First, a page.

The most common laser treatment at our clinic are designed to heal diseases of the retina and the choroid. In particular diabetics will experience dangerous changes to the retina over time. If these are detected in the recommended check-ups, the further advancement of the disease can be stopped by laser treatment. In addition, laser is used to treat retinal detachment. In this case, the retina is reattached with the laser. This will often help to avoid a more extensive surgery.
Laser surgery for retinal holes
The laser energy is absorbed by the pigment epithelium cells which are under the retina. The resulting local inflammatory response leads to localised scarring of the adjoining retinal layers. In cases of retinal holes, thin areas of the retina in short-sighted symptomatic eyes (flashing lights), in the case of tears in the retina due to changes in the vitreous or after accidents, there is a risk of retinal detachment. The retinal defects described are corrected with a laser. Within two weeks, this leads to the formation of a stable scar around the defect, effectively avoiding retinal detachment.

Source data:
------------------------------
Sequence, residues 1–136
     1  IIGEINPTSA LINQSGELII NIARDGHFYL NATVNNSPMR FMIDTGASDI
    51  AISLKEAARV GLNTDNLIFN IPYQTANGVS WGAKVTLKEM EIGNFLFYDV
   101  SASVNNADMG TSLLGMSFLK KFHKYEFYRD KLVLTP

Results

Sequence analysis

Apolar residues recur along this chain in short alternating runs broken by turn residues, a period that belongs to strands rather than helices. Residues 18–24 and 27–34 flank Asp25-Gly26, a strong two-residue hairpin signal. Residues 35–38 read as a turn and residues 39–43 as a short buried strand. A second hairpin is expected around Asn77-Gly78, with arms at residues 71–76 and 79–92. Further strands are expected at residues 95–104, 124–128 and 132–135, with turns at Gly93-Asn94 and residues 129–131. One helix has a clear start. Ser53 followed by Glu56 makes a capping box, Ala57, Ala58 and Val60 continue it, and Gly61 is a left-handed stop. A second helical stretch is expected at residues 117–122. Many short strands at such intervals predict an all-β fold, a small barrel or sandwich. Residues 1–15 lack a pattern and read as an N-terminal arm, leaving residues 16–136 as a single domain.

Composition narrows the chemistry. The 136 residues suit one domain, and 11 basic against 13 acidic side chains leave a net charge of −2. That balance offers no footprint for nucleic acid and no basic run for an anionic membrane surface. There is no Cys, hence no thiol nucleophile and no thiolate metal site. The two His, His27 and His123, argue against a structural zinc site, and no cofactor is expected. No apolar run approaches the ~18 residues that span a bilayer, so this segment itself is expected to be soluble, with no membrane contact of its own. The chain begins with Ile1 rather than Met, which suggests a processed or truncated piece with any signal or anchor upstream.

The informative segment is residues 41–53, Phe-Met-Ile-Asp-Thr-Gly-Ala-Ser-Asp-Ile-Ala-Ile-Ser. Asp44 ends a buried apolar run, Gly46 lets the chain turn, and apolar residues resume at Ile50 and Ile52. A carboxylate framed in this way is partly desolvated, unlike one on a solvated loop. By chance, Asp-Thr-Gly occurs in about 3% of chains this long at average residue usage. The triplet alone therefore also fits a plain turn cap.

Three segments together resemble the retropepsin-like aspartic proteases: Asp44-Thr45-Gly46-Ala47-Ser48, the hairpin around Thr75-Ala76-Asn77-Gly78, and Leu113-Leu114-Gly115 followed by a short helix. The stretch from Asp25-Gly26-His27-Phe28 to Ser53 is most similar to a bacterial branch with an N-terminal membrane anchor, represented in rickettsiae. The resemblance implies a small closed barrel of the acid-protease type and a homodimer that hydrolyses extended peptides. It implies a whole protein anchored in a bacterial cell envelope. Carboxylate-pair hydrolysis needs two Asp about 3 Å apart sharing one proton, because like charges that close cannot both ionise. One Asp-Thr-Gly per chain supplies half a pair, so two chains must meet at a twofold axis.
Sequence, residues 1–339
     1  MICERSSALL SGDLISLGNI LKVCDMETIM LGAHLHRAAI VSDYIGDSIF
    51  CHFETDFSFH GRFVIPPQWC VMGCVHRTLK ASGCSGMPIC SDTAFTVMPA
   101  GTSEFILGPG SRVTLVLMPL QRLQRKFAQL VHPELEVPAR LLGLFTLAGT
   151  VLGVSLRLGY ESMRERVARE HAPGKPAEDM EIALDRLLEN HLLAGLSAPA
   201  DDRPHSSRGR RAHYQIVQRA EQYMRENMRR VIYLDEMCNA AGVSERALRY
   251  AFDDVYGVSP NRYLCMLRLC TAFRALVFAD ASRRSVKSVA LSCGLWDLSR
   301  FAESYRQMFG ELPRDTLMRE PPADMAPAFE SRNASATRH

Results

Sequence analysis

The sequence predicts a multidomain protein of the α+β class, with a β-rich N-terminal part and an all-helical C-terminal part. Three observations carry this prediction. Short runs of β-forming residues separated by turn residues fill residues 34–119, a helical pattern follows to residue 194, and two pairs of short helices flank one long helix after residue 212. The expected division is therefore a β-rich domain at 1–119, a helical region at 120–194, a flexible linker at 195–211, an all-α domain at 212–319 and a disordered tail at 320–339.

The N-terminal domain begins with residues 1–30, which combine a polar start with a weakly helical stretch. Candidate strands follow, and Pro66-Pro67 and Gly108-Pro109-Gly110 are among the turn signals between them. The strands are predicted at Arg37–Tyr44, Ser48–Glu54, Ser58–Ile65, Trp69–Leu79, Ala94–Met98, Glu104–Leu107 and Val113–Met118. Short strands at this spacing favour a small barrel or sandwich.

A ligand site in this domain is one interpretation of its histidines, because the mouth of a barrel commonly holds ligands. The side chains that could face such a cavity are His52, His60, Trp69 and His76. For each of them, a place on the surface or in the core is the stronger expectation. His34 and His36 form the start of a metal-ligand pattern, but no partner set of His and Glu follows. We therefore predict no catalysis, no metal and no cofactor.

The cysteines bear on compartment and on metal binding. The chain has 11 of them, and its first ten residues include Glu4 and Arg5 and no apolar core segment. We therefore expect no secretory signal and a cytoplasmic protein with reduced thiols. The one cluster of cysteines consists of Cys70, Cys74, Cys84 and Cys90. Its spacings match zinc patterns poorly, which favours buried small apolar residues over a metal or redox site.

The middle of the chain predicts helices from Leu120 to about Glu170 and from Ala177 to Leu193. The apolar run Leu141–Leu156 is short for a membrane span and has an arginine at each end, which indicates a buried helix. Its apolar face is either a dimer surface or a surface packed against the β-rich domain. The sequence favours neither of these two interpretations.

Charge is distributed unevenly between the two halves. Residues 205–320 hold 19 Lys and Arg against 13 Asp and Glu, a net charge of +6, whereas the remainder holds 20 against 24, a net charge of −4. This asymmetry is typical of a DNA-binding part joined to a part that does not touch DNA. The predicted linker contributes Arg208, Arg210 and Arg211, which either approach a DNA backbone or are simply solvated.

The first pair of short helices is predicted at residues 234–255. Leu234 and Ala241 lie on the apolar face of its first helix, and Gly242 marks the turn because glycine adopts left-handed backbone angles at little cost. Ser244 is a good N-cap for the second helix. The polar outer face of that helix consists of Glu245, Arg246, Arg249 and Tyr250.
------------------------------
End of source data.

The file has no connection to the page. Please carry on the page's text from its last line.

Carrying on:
Laser surgery for vessel occlusion and diabetes mellitus
The occlusion of the central retinal vein or a branch retinal vein by a thrombosis, or alternatively by a diagnosis of diabetes which has been poorly controlled for years leads to chronic oxygen deficiency in the retina. The undersupplied retina produces signalling substances which give rise to unruly vascular growth in the eye as well as swelling of the central retina (macula). The subsequent complications can be extremely dangerous and include increased intraocular pressure and retinal detachment, and can lead to loss of vision in the eye in extreme cases. By laser treatment of the peripheral retina, the retinal tissue which is poorly supplied with blood is destroyed, meaning that the vascular growth recedes and serious subsequent complications can be avoided.